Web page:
KW: One of the things that I find that’s a paradox about this ceiling of brute force is that the thing that has made you successful to the point where you hit that ceiling is just working harder. You put in more hours than other people. You care more. You work harder. You get the bonuses, and you get the higher salary. If you’re owning the business, you see higher revenue. And then there’s a point at which the thing that has brought you here is holding you back from going forward.

SP: Yeah, we often think of working harder as the number of hours we’re working. But working harder can also be working smarter. If you can outsmart your competition, if you can outthink them, if you can leverage yourself, that’s a form of working harder.

We’re taught our whole life that the solution to every problem is to work harder, and that works. But that works for most situations, like school and when you’re working in a bigger organization. But when you start running a business, working harder has a ceiling to it. And that ceiling has never become apparent to you because you’ve been taught your whole life to put your head down and grind, and you’ll eventually get through it. There’s some truth to that. But when it comes to running a business, you have to leverage your time. You have to delegate decisions. You have to trust people. Otherwise, you’ll reach the ceiling of brute force.

KW: So many startups are pushed by their investors to prioritize growth at all costs. Can you talk us through the margin of safety and how you might think about that in the context of startups?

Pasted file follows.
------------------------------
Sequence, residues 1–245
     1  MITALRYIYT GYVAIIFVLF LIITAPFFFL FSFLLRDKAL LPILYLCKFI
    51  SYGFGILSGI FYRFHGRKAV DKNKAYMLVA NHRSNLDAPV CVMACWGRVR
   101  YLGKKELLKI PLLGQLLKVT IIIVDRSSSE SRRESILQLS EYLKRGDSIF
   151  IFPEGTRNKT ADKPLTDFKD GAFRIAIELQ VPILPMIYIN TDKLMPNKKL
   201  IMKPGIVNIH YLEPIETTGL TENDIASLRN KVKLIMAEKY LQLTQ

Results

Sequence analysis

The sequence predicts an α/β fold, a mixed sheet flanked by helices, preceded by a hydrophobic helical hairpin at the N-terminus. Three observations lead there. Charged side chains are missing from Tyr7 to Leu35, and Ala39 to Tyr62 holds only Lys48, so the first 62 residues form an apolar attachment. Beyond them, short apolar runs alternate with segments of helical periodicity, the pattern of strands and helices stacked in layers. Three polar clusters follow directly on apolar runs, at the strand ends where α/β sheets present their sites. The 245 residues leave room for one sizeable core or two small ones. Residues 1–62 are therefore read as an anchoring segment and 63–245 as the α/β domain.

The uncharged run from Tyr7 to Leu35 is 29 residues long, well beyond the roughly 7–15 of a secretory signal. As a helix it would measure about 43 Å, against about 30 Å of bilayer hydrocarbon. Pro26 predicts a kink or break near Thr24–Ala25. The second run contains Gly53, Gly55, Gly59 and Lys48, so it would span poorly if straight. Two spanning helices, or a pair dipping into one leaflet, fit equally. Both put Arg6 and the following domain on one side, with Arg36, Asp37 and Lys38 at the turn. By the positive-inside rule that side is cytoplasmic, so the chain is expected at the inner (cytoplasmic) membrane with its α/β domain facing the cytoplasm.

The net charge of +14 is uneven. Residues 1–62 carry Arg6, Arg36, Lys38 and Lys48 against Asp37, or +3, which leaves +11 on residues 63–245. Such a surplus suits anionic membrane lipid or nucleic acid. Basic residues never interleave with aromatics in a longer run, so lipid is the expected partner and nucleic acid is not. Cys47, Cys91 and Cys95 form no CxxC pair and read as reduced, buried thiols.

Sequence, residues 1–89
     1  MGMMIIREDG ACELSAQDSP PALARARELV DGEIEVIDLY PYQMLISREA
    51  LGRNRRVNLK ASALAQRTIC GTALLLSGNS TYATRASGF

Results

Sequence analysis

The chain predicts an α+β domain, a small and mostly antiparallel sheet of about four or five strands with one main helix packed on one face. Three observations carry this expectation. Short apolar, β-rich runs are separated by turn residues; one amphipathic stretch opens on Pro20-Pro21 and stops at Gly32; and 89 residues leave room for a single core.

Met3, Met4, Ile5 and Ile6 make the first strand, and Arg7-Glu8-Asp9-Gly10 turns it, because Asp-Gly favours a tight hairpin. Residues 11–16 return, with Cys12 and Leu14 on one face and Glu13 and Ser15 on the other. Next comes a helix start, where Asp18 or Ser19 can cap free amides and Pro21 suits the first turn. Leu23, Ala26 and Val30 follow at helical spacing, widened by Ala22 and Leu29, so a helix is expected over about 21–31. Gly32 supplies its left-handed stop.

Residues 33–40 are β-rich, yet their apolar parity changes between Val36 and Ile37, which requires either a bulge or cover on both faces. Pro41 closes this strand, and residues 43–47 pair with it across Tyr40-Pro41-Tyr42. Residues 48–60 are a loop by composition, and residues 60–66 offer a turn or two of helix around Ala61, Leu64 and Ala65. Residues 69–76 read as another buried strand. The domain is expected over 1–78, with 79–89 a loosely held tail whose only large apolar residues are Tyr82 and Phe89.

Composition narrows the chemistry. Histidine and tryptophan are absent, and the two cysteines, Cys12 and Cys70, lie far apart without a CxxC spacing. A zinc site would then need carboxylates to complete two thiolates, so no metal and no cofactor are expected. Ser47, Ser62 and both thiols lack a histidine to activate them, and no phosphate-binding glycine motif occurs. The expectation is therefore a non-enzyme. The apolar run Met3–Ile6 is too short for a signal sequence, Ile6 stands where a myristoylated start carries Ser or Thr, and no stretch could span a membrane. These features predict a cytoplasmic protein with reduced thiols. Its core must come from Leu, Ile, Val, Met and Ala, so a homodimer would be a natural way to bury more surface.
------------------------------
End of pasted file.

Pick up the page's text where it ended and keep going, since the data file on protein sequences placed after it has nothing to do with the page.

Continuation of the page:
SP: I think about this differently, right? So I’ve started four different businesses at this point. I can only say it through my lens [but] my goal with all of those businesses was to get to break even as quickly as possible. I think Y Combinator calls it a ramen profitable. I never wanted to be dependent on the kindness of strangers or outside investors in order to determine my future.

If we are too dependent on that, we end up not recognizing when things don’t work. So we get a product and we sell it. It’s very inefficient because we have all this cash on the balance sheet; we can almost force sales. As an investor, I’ve seen a lot of companies that are spending more on marketing than they’re earning in sales. So every dollar of marketing is translating into something like $0.60 of sales. You can’t continue to do that, especially if you’re turning customers quickly.